It said assessing this risk is “a first step” towards fulfilling Ireland’s duty under the 1948 Genocide Convention.
The charity also called on Ireland to publicly support South Africa’s call for interim measures, such as a humanitarian ceasefire and for aid to be delivered unhindered into the Gaza Strip.
Asked about South Africa’s case at the ICJ on his way into Cabinet on Tuesday, Mr Martin said: “It’s important to make that point, no-one has joined because no one can right now.
“That misinformation has gathered that somehow we haven’t joined. Nobody has joined.”
The Government will later table a motion calling for an immediate ceasefire in Gaza on Tuesday afternoon.
Meanwhile, ahead of a vote on Wednesday on a parliamentary motion by the Social Democrats calling on Ireland to support South Africa’s case, opposition parties said they had yet to see the wording.
Labour Party leader Ivana Bacik said that she had sought cross-party support for a separate motion that would call on the government “to investigate the possibility” of joining the South African case.
“We believe they could join the case now or indicate a willingness to join it at a much higher level,” Ms Bacik said.
“We’re working with government to see a timing for agreeing that cross-party motion, I think there is a certain momentum there,” she said, adding that she had been in touch with all three coalition party leaders.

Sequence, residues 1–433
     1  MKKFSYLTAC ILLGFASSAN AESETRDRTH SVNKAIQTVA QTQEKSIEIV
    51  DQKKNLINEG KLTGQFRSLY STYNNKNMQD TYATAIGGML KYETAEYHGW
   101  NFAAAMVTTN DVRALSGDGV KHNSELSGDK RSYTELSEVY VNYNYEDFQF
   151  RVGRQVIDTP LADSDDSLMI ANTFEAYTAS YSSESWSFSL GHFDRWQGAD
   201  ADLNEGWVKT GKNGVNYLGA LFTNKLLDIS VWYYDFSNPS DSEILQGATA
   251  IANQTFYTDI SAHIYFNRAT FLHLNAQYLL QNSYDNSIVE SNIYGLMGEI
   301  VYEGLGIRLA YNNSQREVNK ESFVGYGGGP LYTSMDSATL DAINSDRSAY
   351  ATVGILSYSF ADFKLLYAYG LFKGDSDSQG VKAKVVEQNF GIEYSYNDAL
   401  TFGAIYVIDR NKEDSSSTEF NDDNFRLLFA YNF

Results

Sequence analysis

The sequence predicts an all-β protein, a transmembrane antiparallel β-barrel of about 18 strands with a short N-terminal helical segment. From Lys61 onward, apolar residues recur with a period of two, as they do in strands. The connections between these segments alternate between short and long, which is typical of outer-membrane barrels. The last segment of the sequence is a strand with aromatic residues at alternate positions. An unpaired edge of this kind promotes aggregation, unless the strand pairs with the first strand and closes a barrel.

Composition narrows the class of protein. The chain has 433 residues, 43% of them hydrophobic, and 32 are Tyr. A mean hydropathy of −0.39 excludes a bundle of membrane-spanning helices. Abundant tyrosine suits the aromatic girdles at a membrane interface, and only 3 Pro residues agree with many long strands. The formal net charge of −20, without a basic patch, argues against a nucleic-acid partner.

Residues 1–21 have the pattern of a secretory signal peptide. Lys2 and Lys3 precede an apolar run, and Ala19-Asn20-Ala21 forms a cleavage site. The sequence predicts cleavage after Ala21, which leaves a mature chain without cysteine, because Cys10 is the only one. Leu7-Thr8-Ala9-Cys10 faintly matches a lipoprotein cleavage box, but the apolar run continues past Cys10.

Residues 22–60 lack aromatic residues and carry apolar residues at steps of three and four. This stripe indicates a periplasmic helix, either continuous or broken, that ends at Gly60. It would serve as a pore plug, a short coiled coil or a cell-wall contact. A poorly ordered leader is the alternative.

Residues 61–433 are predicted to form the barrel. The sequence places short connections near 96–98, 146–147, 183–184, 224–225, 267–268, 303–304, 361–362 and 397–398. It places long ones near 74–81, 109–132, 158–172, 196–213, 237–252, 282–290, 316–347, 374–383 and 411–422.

“But I’m really trying to work constructively with government parties and opposition parties to see if we can form a common purpose in support of Gaza.”
Social Democrats TD Gary Gannon said that “unity happens when we vote for it in the Dail, it doesn’t happen in some behind-the-scenes backroom deals”.
“I’m not going to wait for some illusion of unity, I’m going to act, that’s what people who are contacting my office are asking that we do.”
He said that as Germany had already signalled it would support Israel’s case at the court, Ireland should signal its intention to support South Africa.
“We don’t have to wait to look at the legal arguments made by the South African case – and the incredible Irish human rights lawyers out there – we can also start our own case.
“The government can actually move to initiate their own findings. We appreciate that that’s not going to happen tomorrow, but the process needs to begin.”
People Before Profit TD Richard Boyd Barrett said that the Tanaiste stating that they would consider South Africa’s case showed that the government is “under pressure”.
He said a protest is being organised outside the Dail at 5.30pm on Wednesday “to pile the pressure” on the government to support South Africa’s case at the preliminary stage.
“Vague references to what they may do in the future or simply rhetorical calls for a ceasefire are not good enough,” he said.
“To be honest, talking about joining the case later, possibly, when there’s a genocide happening now, is worse than useless.
“The whole point of the South African action was to demand provisional measures on to the Genocide Convention to stop the genocide that’s happening now.
“We needed the international community to take measures to stop Israel’s slaughter before the already horrific situation in Gaza gets even worse.”